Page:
On an August summer afternoon, West Baltimore’s Druid Hill park was transformed into a euphony of harmony, drum beats, and rhythmic community during the culminating event for Creative Nomad’s Drumming With Dad program.
A circle, furnished with drums, djembes, maracas and family shared stories that painted pictures of strengthened family bonds, fellowship, and a community forged from beating out rhythms on a drum. Many of whom were Dads directly impacted by the program. One such Dad, named Thomas Cudjoe, stood bold in the circle, his towering presence demanded the attention of children and adults alike. He praised the program for making him “a better father” to his children, Cudjoe exclaimed, “Drumming with Dads’ has given me the space and opportunity to spend dedicated time with other fathers, and spending quality time with my children.” This sentiment was echoed by other fathers in attendance who nodded in solidarity with Mr. Cudjoe.
Program founder, Kayenesha Daugherty had no idea a dancer cancelling on her a few years ago would grow into a community of men who use one of the oldest musical instruments in history as an avenue to strengthen bonds with both their children and other fathers. Ms. Daugherty described how the program came to fruition as Dads’ played the drums in the background as if they were playing their life stories. she explained that Creative Nomad’s organizational partners, namely, the Judy Center wanted more Dad centric programming, A call Ms. Daugherty sought to answer, “One day we had an African dance class, and the dancer was not able to make it, so we had Baba Changa do the drums with the kids…..the energy was so different when it was a man and drums, I saw the energy and I was like dang, what would happen if their Dads were actually participating.” After the program officially launched, Ms. Daugherty’s inquiry was answered. She observed children, who were able to catch on quickly to the drumming, teach their Dads who would sometimes lose patience and become dependent on the expertise of their children. “The program showed children that their parents don’t know everything and that their fathers are actually human, and seeing the fathers’ learn with their kids, and we could see the dads and children communicate more.” For Ms. Daugherty Community voice is important, people wanted to engage Dads and the concept of drumming tied into Creative Nomad’s mission of creating greater access to art.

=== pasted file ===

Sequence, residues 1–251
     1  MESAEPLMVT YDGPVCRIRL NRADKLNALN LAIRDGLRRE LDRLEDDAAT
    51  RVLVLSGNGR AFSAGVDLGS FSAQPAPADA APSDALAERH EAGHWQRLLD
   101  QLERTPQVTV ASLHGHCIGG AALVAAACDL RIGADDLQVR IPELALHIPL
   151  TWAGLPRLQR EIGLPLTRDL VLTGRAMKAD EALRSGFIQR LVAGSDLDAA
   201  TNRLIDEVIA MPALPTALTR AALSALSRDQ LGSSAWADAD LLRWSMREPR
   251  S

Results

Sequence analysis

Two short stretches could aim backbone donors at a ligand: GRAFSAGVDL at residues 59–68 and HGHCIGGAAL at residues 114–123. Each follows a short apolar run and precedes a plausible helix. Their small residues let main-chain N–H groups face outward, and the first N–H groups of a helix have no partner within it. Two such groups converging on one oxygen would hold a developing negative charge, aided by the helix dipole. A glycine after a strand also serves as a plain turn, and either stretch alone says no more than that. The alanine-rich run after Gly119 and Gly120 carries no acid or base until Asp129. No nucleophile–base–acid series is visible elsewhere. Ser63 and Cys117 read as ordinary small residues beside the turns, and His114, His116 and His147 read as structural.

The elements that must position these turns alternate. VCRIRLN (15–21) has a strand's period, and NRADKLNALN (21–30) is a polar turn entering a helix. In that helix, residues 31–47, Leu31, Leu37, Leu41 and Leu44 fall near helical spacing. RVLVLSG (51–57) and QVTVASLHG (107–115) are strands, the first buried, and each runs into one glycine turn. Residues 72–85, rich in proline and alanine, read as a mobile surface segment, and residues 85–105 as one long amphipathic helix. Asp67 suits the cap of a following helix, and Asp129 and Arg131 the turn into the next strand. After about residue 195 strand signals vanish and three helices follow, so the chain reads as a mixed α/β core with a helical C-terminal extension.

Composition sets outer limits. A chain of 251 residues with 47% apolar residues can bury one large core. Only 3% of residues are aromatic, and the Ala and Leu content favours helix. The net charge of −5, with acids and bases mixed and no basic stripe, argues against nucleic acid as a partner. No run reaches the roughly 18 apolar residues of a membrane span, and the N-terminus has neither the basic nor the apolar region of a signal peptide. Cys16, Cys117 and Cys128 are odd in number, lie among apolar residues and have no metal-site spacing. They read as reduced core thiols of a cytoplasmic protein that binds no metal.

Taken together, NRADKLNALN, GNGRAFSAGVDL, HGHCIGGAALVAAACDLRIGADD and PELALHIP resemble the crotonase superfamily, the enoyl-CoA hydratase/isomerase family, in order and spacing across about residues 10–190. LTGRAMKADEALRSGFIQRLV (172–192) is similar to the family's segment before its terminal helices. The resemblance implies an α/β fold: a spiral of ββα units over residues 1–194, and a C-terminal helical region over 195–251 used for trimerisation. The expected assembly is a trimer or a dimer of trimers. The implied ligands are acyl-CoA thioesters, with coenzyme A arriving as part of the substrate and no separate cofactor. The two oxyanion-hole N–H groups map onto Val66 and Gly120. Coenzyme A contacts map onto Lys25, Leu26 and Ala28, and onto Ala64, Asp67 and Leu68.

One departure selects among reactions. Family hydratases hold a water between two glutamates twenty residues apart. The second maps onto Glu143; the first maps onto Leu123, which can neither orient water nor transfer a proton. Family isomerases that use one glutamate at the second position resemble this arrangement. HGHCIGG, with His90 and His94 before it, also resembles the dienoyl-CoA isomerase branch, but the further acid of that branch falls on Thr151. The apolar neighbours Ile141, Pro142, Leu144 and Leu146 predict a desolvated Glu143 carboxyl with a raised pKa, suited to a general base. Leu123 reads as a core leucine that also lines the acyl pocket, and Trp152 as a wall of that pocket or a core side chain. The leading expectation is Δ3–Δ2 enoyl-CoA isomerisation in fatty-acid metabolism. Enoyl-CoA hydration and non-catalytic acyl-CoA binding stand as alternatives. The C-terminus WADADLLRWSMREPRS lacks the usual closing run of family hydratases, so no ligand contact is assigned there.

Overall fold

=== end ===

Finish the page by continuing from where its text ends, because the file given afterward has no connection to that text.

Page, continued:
Sadiq Ali, a Dad who participated in Drumming With Dad, also spoke of the impact of the program after spending the summer of 2021 participating with his two sons, “Too many times, the best of what makes us people of color, particularly people of African descent is not lifted up, it’s not shared, it’s not heralded, it is not lauded” Sadiq Smiled at the drummers, popped the collar of his snazzy Black polo complete with a matching black snapback hat as he pivoted to the importance of the culture embraced and taught in the program, “ Culture, culture, culture, if we don’t teach culture early to our young people, our kids, they will not learn to value it, they certainly will not duplicate it in the future.”
An idea echoed by Ms. Daugherty who even supplied participants with soul food, the cuisine most symbolic with African American culture. Ali reiterated his appreciation for the culture Drumming with Dad brought to his children, “To let them know that our culture as people of African descent has many many beautiful aspects, we got to practice those [aspects] weekly during Drumming with Dad.”